Tony ‘Rocket’ Laver is a forty-ish detective with Victoria’s Major Crimes unit when he becomes the last in an embarrassingly long list of policemen who have shot a member of the public. The fact that the particular member of the public was a career criminal and had shot first is all but forgotten in the bureaucracy’s rush to distance itself from the messy end of policing so Laver is demoted to Senior Constable and shunted to the Mobile Public Interaction Squad (i.e. the bike cops offering directions to tourists and monitoring minor crimes) until a formal investigation into his case can be completed. There, struggling to cope with the double blow of having killed a man and being removed from everything – and everyone – he knows as far as his work is concerned, Laver’s instincts soon lead him into the investigation of something nefarious.
It’s hard to know which element of this highly enjoyable novel to highlight first but I’ll start with the characters. Laver is a genuinely interesting reinvention of the classic lone wolf style cop in that he isn’t a natural loner (he has oodles of friends and he likes being with them) but has the quality thrust upon him due to his demotion and quarantining as a scapegoat on which the police hierarchy can blame all their force’s violence and mistakes. We see Laver go through the experience of becoming isolated and watch how he struggles to cope without being able to rely on the friends and colleagues he once took for granted. But at heart Laver is a good cop with a dry, deprecating sense of humour which saves him from being maudlin or dour and there are some gorgeous details, such as the fact he deliberately does the dishes before leaving home on an errand that might kill him, that made him incredibly likeable for me There are other great characters here too, my favourite being the young supermarket assistant manager Jake, who inadvertently becomes involved in a tussle with the criminal underworld after falling for a fellow lap swimmer at his local pool. I was a little wary at first thinking Jake would be a leery kind of bloke with no depth but Place builds his character insightfully, showing how a young man might grapple with the challenges of developing his own personality and character.
The story unfolds in a series of short chapters from three main points of view: Laver’s, Jake’s and that of a drug dealer called Stig who arrives in his home town of Melbourne after leaving Queensland under a cloud. Of course the three threads will become intertwined but the various ways in which this happens do not require an unreasonable amount of disbelief suspension and there’s a cleverness to it all which makes turning each page a delight. Add in a good dose of natural humour and a few gentle digs at various aspects of modern life, such as the difficulty of spreading an environmental message to people seemingly preconditioned to ignore it, there’s never a dull moment in ROLL WITH IT.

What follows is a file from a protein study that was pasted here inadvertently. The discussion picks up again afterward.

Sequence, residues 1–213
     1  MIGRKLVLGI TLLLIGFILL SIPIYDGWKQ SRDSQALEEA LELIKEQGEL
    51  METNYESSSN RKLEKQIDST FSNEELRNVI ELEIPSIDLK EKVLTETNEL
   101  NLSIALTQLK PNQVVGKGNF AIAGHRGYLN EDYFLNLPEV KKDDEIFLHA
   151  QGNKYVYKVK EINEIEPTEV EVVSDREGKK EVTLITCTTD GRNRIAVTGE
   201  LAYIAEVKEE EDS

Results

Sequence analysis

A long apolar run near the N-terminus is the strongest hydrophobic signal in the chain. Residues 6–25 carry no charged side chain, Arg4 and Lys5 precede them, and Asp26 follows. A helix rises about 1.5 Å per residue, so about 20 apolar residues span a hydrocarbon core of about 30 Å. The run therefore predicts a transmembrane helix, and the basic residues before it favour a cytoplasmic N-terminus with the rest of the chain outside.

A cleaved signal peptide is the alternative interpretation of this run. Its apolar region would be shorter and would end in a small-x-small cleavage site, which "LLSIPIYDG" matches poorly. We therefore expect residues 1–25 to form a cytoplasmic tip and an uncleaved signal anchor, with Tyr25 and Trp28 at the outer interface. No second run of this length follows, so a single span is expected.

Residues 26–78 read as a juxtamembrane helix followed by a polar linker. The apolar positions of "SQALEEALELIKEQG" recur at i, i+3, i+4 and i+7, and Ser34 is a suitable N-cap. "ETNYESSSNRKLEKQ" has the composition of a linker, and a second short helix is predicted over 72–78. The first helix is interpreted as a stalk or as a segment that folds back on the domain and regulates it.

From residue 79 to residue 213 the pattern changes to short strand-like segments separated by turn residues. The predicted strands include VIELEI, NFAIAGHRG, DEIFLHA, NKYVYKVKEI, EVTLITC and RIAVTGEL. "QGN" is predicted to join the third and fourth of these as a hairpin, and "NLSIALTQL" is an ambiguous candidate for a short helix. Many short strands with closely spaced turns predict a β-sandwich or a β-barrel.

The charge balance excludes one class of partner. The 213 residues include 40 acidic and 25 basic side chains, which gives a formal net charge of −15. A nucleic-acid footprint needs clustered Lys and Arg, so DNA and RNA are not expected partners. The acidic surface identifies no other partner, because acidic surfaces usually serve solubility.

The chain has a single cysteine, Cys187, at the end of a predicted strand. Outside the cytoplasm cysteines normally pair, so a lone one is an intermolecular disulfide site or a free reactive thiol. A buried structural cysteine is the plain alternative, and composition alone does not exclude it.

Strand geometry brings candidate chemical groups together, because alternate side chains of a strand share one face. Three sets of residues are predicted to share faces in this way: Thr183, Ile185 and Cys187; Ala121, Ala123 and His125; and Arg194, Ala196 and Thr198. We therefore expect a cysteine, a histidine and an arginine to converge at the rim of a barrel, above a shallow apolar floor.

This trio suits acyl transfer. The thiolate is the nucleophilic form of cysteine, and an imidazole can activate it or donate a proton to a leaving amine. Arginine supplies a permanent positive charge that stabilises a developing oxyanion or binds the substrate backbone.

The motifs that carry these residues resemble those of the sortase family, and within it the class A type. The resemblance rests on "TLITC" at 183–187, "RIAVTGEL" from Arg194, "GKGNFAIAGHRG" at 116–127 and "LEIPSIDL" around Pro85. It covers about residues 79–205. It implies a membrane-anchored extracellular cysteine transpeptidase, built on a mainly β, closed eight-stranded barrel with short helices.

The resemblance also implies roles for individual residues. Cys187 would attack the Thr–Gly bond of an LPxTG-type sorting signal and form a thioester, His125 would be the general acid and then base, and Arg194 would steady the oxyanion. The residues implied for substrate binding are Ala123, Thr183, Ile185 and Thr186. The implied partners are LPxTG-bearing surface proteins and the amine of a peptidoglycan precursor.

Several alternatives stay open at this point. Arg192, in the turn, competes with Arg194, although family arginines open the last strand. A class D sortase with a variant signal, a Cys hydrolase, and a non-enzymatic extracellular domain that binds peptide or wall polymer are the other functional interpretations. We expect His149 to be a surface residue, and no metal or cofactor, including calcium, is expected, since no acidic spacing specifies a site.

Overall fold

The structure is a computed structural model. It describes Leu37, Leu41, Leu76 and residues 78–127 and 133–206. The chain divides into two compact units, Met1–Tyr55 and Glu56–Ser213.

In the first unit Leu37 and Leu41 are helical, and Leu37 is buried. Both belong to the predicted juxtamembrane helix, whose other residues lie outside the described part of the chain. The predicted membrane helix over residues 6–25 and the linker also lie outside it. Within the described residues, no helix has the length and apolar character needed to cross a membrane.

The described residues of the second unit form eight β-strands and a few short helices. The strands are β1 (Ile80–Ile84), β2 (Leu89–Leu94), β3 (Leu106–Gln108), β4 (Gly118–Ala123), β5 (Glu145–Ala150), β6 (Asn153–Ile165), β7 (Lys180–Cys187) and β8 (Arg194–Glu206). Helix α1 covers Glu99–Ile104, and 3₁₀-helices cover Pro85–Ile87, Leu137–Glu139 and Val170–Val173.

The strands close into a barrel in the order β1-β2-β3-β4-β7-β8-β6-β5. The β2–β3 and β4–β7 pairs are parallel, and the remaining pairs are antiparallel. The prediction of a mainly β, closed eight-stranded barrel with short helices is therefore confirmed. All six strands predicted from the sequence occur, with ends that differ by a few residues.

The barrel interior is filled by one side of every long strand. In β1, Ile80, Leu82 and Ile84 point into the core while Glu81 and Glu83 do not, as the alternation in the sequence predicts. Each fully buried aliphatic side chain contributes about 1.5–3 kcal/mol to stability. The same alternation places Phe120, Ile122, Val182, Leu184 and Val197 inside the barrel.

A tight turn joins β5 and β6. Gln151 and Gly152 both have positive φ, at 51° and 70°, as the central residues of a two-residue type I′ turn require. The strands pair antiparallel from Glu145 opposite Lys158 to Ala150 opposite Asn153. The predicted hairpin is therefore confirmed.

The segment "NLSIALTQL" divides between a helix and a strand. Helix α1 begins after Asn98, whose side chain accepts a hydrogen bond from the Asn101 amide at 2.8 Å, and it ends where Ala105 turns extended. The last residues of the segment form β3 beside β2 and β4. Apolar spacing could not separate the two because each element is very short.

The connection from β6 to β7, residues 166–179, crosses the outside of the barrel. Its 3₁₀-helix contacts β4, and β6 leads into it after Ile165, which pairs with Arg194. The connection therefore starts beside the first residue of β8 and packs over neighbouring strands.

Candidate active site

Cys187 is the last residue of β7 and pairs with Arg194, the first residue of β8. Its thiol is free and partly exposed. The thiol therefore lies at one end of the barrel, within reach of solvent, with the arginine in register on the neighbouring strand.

The novel is also dripping with Australian-ness of a more subtle, mature kind than the ‘throw another shrimp on the barbie” kind of thing we used to see a few years ago. Of course a majority of the action takes place in the cafés, alley-ways and live music venues of inner-city Melbourne that are recognisable enough even though I am only an occasional visitor..But there’s more to place the novel here than that, including the often infuriating but highly realistic habit Australian blokes have of nicknaming everyone, usually with some kind of reference to sport. The underlying humour and sometimes contradictory sensibilities on display are also familiar and all combine to form a decently realistic depiction of modern city life for at least some of the Australian population.
Having heard virtually nothing about this book before opening the front cover I had no expectations of it but quickly developed a kind of childish excitement that I had stumbled upon something I was going to enjoy very much and I’d read a hundred pages before even realising it. I loved the mixture of farce, satire and thoughtfulness and will be sadly disappointed if ROLL WITH IT doesn’t turn out to be the first in a long line of crime novels from this very entertaining new voice in the genre.
Nick Place has been a journalist (including time spent on the police rounds) and writer for a variety of media for 30 years. He has written four books for kids but ROLL WITH IT is his first novel for adults.
Publisher: Hardie Grant 
Length: 351 pages
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